Adorable Newborn Rhino Rescued After Being Abandoned By Its Mother

BarcroftAnimalsPublished: December 19, 2016110 views
Published: December 19, 2016

A baby rhino abandoned as a newborn due to a case of mistaken identity was saved by a local rescue team. The rhino, now one month old, lives with the team at Aquila Rescue Centre, who have developed an 18 month plan to reintroduce him into the wild. Looking after the young calf is a full-time occupation, with the baby needing to be fed every two hours. He has also be assigned a mentor to teach him how to graze, something his mother would have done.

On New Year’s Eve 2015, the staff at the Aquila Rescue Center in Cape Town, South Africa, received a call about an injured rhino calf in the wilderness. The team discovered the baby rhino close to midnight, slumped in the dirt. According to Divan Grobler, a member of the conservationist team, his mother probably mistook her baby with another newborn in the vicinity and left her own by mistake.

The team spent the entire night with the baby, trying to locate its mother and reunite them, but had no luck. Ten hours had passed without luck and the calf was getting hungry. The team brought the baby rhino back to the center and tried again the next day, only for the mother to reject him once more.

“In the early morning, after about four hours, the mother still hadn’t come back for the baby, so we had to improvise,” Divan said. “We took him back to the mom and tried to reintroduce him, but we were unsuccessful. The mom was totally confused.” The dad also intervened, causing the team to panic. By now, the baby had gone 10 hours without nutrition and it desperately needed its mother’s milk. Their hopes weren’t high, but this little guy showed him just how big of a warrior spirit he had.

Now one month old, the baby rhino lives with the team at Aquila Rescue Centre. They have developed an 18-month plan to reintroduce their newest protegee back in the wild, where he belongs. Until then, he needs to be fed every two hours and can consume 15-20% of his body weight in formula. Not to mention the exercise!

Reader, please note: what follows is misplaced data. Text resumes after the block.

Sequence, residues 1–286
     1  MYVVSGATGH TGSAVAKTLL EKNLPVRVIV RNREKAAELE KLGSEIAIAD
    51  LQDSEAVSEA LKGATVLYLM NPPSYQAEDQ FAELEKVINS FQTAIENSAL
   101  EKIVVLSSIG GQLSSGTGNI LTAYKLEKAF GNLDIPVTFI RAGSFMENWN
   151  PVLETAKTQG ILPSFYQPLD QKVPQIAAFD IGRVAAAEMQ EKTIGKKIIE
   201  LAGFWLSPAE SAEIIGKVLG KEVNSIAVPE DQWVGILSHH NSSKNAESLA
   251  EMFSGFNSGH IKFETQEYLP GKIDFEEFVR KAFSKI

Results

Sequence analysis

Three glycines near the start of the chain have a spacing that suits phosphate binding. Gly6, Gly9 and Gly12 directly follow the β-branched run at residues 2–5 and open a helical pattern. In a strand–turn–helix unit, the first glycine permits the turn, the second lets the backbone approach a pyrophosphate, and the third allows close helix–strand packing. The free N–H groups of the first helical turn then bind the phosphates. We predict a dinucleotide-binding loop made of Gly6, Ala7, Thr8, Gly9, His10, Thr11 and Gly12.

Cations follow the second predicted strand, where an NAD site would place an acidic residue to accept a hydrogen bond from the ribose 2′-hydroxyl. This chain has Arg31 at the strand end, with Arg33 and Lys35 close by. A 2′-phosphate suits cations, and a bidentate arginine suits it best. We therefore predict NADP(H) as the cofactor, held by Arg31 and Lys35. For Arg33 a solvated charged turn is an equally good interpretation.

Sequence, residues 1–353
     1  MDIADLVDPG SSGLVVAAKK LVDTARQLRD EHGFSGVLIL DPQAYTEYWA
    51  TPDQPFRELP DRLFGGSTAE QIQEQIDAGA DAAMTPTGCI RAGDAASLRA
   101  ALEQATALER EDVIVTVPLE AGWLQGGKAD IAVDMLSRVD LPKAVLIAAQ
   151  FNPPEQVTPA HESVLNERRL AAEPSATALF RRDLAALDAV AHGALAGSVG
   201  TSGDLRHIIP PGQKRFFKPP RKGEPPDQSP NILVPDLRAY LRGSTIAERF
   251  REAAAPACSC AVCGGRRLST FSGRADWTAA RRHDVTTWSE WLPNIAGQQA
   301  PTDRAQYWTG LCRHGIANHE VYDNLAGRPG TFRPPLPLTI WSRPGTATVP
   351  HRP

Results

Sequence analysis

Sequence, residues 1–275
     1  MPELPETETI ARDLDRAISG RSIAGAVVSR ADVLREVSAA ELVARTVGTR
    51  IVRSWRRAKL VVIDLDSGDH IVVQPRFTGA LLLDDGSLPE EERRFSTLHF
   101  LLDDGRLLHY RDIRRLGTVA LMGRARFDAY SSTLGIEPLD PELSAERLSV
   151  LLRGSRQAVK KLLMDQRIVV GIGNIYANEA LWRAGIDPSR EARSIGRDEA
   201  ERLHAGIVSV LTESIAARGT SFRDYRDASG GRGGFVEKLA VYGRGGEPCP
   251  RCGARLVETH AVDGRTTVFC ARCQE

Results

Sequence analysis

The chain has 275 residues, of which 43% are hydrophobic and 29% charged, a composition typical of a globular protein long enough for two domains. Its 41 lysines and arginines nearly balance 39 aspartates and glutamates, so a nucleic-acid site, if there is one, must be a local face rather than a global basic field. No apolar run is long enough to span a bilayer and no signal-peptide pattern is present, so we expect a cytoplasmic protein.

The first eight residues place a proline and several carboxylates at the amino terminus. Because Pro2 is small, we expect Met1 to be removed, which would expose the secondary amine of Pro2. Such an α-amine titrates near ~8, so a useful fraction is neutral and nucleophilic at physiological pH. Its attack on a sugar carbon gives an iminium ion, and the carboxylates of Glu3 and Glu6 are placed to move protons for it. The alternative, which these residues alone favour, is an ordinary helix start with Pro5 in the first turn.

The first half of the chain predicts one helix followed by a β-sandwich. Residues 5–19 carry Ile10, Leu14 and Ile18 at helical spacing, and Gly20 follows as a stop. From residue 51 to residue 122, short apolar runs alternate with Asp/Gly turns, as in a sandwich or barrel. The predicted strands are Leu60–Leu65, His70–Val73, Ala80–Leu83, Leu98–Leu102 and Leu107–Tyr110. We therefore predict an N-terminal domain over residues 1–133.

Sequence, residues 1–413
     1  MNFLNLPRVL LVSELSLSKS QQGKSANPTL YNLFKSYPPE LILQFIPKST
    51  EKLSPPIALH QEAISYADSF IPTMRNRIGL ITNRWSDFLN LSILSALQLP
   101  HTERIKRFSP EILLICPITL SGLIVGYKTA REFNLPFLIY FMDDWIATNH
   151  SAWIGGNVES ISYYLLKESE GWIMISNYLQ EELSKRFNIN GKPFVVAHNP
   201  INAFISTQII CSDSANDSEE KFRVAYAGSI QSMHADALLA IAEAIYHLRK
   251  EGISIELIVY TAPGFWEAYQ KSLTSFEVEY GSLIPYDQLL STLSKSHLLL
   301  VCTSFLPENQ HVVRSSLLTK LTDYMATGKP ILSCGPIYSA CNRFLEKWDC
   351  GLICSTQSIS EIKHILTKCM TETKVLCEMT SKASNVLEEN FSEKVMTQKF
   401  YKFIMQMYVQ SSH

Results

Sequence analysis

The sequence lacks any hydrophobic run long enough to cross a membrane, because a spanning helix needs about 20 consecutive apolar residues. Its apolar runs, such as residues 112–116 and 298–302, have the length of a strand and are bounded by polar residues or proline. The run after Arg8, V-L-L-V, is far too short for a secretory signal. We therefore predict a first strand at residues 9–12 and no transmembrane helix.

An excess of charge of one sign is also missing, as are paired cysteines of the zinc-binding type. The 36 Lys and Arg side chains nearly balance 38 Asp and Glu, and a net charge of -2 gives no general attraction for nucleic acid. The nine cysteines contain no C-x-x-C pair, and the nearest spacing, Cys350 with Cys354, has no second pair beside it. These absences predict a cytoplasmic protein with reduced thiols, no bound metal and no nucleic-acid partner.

“I am the one that has been doing the bulk of the night feeding and I have woken up with the calf sucking on my elbows or knees if he is hungry,” Divan said in an interview with MailOnline. “He is inclined to be clumsy, very much like any young animal, and to see him mock charging is very amusing. He also knows how to use his horn he knock us over when kneeling down to feed him.

“He is boisterous, wanting to play and have fun and we are challenged to keep a sterile environment such as that of a new born baby by sterilizing teats, bottles etc. and practicing the utmost of hygiene discipline so as to avoid life threatening infections and bacteria. He gets very anxious is he is left alone, so one of us always has to be with him,” Grobler added.

Releasing this baby as a healthy rhino back into the wild is crucial for conservation, since poaching till poses a huge problem. Rhino numbers have dropped as low as 50 in the early 20th century and have recently risen to 20,000. “This guy is vital in the conservation effort,” Divan said. “He can supply a strong bloodline and genetics for the white rhino’s future.”

Videographer / director: Divan Grobler
Producer: Nick Johnson
Editor: Joshua Douglas

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